Synectics recorded an unrealised loss of £0.77 million for the half-year period. This holding sits at an unrealised loss position of £1.96 million and we view it as one of the Covid laggards, where the market has not yet caught up with the positive initiatives taken through Covid. We expect the share price to reflect these initiatives and contract wins. If not, the M&A activity in the sector, where earnings multiples paid are way in excess of the 4x EBITDA that this company trades on, will surely be reflected in the valuation soon. Some of the highlights are below:

  • Over £2.4 million p.a. of cost savings;

  • 3 multi-million pound project wins in the interim period; and

  • Significant improvement in prospects and cash generation.

Venture Life recorded an unrealised loss of £0.52 million for the period, with the carrying value being largely equal to cost at 28 February 2021. During the period we invested a further £0.67 million. Since the period end the shares have suffered as a result of a weak trading update, which highlighted the dependency on the second half earnings. As a result, Venture Life is currently trading behind our expectations and we are engaged with management regarding their remedial actions. We believe the company is capable of utilising its capacity through the effective distribution of the owned brands, but we need to see that management are able to execute on operational challenges, not just acquisitions.

Duke Royalty achieved an overall gain of £0.57 million during the period, however we continued to reduce this position from 3.3% of NAV to 2.9%. To the period end we had modest gains in this position which have continued since the period end. Our reduction in the position here is not based on the fundamentals of the company, but reflective of how we now believe it is being perceived by the market – which is inconsistent with our original investment case. In short, it is being valued as a venture capital firm on a NAV basis whilst we believed it should and could be valued on the basis of its future (annuity-like) cash flows.

Tactus, our only unquoted equity position, was a new investment in the period, where we invested £1.92 million, and subsequently undertook a partial exit as part of a significant new third investment, disposing of £0.92 million of cost for £1.34 million, generating a realised gain of £0.42 million. DSM also received full interest repayment, of £0.04 million. Our continuing position was valued at £1.63 million on the remaining cost of £1.0 million, generating an unrealised gain of £0.63 million. This, as highlighted above, is still held at a discount to the third party investor in Tactus, who became involved in the business after we had invested.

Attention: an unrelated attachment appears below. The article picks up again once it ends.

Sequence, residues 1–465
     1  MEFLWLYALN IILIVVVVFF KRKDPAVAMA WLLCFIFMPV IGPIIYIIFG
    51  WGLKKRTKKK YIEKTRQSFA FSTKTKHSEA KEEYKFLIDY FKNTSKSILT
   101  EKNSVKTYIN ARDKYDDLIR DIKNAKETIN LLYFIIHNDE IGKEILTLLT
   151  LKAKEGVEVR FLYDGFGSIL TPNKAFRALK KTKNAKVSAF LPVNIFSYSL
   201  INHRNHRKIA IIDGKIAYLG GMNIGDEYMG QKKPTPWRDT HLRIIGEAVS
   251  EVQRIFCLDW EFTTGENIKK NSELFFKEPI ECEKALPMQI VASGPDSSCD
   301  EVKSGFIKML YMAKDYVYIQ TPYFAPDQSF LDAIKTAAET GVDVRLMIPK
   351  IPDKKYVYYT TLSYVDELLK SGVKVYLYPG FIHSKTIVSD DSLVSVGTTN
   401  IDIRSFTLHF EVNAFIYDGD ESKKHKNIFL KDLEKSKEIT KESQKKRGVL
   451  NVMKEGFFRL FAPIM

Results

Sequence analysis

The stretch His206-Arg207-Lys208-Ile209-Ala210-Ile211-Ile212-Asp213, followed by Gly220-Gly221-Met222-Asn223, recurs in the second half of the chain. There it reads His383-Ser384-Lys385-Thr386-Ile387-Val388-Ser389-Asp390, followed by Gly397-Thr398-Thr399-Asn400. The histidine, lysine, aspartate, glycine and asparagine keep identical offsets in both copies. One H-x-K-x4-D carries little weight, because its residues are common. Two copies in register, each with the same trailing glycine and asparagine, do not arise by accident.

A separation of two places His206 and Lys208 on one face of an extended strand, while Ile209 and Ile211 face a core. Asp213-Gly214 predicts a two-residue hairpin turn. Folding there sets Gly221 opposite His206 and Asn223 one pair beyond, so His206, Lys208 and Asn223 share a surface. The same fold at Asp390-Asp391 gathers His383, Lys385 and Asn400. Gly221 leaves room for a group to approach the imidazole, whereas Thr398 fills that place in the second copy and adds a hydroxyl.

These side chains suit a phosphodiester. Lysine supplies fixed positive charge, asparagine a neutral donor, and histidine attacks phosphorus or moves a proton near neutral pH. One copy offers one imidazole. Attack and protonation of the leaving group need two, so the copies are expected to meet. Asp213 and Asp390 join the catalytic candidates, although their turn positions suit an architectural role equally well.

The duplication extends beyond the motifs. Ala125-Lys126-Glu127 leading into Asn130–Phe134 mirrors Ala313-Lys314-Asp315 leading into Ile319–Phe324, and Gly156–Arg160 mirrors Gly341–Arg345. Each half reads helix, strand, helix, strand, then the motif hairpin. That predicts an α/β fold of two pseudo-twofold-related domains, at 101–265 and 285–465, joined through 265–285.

Real Good Food made a substantial return of capital during the period, repaying £3.8 million of the 10% Loan Note principal, which, when it included interest and redemption premium, meant a repayment to DSM of £5.3 million and reflecting an IRR of 11.4% on this Loan Note. This reduced the Real Good Food exposure from 21.60% to 9.09% over the half-year period.

Toeholds and Work in Progress
We make what we define as ‘toehold’ investments when we are most of the way through our investment and diligence process and believe a company has good potential. These toeholds allow us to take advantage of liquidity as it arises.

In the period we invested £0.70 million in three toeholds (two new and one existing). In one of the two new toeholds, we quickly exited at a gain of £0.15 million as a bid was made for the company. These positions generated total portfolio gains (total of realised and unrealised) of £0.53 million. Post-period end we have made another toehold investment, and have a strong pipeline of opportunities within our ‘WIP’ list.

ESG
Since the inception of DSM, we have championed good corporate governance as one of the most accurate indicators for future success. We have always taken the social aspect of being a proper custodian of shareholders money as ‘common sense’ or a ‘given’ for our investments. In simple terms for us as Managers, that means our investments look after employees, pay suppliers fairly, and invest for the long term. In our view, if you cannot do that then you don’t have a sustainable business. We didn’t have a name for that before – it was just part of our due diligence process. That is now the ‘S’ in the Environmental, Social and Governance (ESG) agenda.